But what is criminology, really? This article will explore the many components of this rapidly evolving discipline and offer insights on how to pursue a variety of criminology careers.

criminology as a social science essay

Criminology definition and history

Criminology is the study of crime and criminal behavior, informed by principles of sociology and other non-legal fields, including psychology, economics, statistics, and anthropology.

Criminologists examine a variety of related areas , including:

  • Characteristics of people who commit crimes
  • Reasons why people commit crimes
  • Effects of crime on individuals and communities
  • Methods for preventing crime

Origins of criminology

The  roots of criminology  trace back to a movement to reform criminal justice and penal systems more than 200 years ago. The first collection and use of crime statistics in the 19th century then laid the groundwork for generations of increasingly sophisticated tools and methods, leading to our modern use of descriptive statistics, case studies, typologies, and predictive analytics.

18th-century origins of criminal theory

Cesare Beccaria’s “On Crime and Punishments,” published in 1764, called for  fitting the punishment to the severity of the crimes , as explained by the National Criminal Justice Reference Service.

  • Punishments for crimes should be “public, prompt, necessary, the minimum possible under the given circumstances, and established by law.”
  • Punishments are intended to deter the offender from further criminal activity.
  • Severity is based on the level of harm caused by the offense rather than the intent of the offender.

The legal reference website JRank highlights the work of Beccaria and Jeremy Benthem: The motivation for people’s choices is to seek pleasure or avoid pain.  Punishment for a crime  should deter potential choices to break the law by ensuring that the pain of potential punishment is greater than the pleasure derived from committing the crime. This idea spurred the first efforts in the U.S. and Europe to codify and standardize the law.

Mid-20th century development of modern criminology

The mid-20th century development of  “modern” criminology  involved seeking to understand crime’s causes by studying sociological, psychological, and economic conditions. The American Law Institute’s work on the  Model Penal Code  was a 10-year effort completed in 1962. The code established new standards of criminal liability that considered the mental elements of crime.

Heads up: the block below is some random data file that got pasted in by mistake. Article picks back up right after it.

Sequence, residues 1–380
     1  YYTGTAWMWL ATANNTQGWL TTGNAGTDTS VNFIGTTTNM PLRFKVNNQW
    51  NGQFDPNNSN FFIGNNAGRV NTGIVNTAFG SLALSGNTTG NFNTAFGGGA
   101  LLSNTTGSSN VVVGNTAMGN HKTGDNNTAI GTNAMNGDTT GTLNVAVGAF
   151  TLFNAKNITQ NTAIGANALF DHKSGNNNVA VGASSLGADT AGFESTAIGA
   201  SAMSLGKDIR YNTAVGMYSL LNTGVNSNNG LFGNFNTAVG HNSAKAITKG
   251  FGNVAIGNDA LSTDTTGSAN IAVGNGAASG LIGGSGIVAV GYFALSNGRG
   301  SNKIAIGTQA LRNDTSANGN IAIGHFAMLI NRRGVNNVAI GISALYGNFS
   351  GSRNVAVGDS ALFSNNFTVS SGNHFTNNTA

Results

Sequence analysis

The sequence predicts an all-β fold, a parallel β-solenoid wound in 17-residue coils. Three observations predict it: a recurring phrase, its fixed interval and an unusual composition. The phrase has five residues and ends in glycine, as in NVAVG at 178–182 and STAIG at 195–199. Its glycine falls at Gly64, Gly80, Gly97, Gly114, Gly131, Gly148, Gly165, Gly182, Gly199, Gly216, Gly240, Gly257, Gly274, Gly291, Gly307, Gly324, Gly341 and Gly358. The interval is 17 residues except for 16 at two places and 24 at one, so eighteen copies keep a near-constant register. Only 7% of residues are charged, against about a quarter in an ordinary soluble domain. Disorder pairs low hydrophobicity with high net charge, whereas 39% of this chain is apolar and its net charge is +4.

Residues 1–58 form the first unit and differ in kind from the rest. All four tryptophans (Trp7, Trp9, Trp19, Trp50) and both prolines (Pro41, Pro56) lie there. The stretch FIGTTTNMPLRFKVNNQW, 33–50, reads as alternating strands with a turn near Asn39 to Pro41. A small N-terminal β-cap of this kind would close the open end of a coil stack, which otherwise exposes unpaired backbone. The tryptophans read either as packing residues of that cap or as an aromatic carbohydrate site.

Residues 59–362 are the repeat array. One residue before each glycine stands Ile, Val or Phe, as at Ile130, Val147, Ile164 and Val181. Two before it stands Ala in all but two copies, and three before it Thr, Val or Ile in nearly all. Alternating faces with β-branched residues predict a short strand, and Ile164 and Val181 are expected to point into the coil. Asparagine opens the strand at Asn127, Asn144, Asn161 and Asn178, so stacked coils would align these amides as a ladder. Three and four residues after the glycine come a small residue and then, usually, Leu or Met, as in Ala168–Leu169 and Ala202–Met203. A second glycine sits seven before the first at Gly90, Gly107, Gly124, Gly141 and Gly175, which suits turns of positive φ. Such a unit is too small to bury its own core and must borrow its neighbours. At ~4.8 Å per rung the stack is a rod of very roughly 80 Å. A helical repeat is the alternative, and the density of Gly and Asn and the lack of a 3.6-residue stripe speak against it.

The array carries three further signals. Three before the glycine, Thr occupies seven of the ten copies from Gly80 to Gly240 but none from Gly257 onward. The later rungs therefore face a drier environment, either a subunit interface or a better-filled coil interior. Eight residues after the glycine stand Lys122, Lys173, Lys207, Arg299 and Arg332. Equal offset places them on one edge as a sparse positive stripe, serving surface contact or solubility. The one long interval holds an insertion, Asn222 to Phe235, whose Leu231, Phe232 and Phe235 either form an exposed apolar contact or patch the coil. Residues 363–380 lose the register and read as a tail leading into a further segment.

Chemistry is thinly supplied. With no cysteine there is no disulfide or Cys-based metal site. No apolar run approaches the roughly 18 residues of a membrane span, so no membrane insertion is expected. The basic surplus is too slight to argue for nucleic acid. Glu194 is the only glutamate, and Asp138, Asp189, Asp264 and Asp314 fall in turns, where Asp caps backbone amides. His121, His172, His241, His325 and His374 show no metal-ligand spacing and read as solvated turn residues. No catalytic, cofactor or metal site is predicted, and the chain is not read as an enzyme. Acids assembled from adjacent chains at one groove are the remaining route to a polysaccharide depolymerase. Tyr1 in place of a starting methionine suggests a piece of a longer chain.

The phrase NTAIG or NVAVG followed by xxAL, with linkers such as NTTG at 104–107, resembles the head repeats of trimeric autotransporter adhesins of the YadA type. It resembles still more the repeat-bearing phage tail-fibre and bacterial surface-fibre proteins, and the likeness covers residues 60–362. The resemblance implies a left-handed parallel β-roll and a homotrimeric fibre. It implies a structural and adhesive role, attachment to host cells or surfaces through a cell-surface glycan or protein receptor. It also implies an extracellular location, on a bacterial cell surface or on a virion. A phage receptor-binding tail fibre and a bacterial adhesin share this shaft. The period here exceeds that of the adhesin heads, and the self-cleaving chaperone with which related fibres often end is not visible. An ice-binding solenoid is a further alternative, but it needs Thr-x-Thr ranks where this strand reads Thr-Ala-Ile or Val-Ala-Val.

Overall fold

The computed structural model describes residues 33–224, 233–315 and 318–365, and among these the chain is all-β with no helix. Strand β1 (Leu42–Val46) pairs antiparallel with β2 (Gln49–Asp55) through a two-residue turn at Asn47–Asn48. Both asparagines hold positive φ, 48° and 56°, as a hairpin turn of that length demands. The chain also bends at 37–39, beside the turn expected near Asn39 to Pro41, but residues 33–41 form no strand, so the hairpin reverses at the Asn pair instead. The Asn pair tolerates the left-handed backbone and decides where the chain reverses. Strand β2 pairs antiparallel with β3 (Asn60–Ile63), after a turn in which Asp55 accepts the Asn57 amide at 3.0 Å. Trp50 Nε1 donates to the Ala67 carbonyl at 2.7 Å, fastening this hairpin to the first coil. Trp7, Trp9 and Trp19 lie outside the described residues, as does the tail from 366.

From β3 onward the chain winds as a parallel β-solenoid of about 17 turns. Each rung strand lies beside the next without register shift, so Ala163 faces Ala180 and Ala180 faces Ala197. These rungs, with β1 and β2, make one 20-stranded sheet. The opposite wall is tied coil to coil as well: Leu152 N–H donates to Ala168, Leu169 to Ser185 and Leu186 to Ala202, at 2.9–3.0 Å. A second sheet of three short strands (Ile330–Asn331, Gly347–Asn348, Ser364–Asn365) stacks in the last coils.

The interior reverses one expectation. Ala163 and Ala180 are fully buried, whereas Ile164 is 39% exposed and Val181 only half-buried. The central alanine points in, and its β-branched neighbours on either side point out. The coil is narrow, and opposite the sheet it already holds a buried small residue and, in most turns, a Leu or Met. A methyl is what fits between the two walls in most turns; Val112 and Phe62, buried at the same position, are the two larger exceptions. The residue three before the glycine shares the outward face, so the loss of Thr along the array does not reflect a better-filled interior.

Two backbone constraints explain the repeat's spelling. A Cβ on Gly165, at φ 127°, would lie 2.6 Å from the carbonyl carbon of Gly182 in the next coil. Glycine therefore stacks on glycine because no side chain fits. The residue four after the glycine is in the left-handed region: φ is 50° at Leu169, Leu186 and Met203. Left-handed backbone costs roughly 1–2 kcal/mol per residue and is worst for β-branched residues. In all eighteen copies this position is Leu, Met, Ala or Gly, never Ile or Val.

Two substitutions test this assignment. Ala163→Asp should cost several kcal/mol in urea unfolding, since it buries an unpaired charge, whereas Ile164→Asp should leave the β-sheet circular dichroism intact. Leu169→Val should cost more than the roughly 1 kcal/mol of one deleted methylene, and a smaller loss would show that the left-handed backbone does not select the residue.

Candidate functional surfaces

The code served as a model for penal code revisions in several states. It was also instrumental in charting the federal penal code for the first time. The code inspired other efforts to reform criminal law through criminology research application.

“New Criminology” and the impact of social upheaval on crime

In the 20th century, new approaches to criminology focused on the causes of crime, such as  conflicts between social and economic classes leading to social upheaval , as JRank explains. Social-process criminology emphasizes criminal behavior as something people learn through interaction with others, usually in small groups.

In contrast, control theory focuses on training people to behave appropriately by encouraging law-abiding behavior. Control theory’s basis is the belief that personal bonds give rise to our internal controls, such as conscience and guilt, and our external controls, such as shame, that deter us from breaking the law.

A multidisciplinary approach to criminology

In their research, criminologists consider many perspectives on crime’s causes and effects. This  multidisciplinary approach of criminologists  accepts there is no single answer to why people commit crimes. JRank notes attempts to control bad behavior date back to the earliest civilizations. Today, factors may be biological, psychological, economic, or social. Criminals are motivated by greed, anger, jealousy, pride, and other emotions. They seek material gain; they want control, revenge, or power.

Potential causes of or motivations for criminal activity include:

  • Parental relations
  • Hereditary and brain activity
  • Peer influence
  • Drugs and alcohol
  • Easy opportunity

Criminology and the legal perspective

Criminologists study crime as an illegal action society punishes through the government’s legal system. Researchers focus on the causes, prevention, and correction of crime generally. By contrast, the legal industry’s perspective of crime emphasizes specific crimes and punishments governed by statutes and regulations, as well as established legal processes.

The legal definition of a crime is  an offense against public law , as UpCounsel explains. To qualify as a crime, the offense must be punishable, whether by fine, loss of freedom, or other method.  Criminologists have broadened the definition of crime  to include conduct that doesn’t violate existing law, as JRank reports. This includes economic exploitation, racial discrimination, and unsafe or unhealthy work environments.

Criminology resources

  • The Internet Journal of Criminology  — Links to government organizations, national and international organizations, academic institutions, and other criminology resources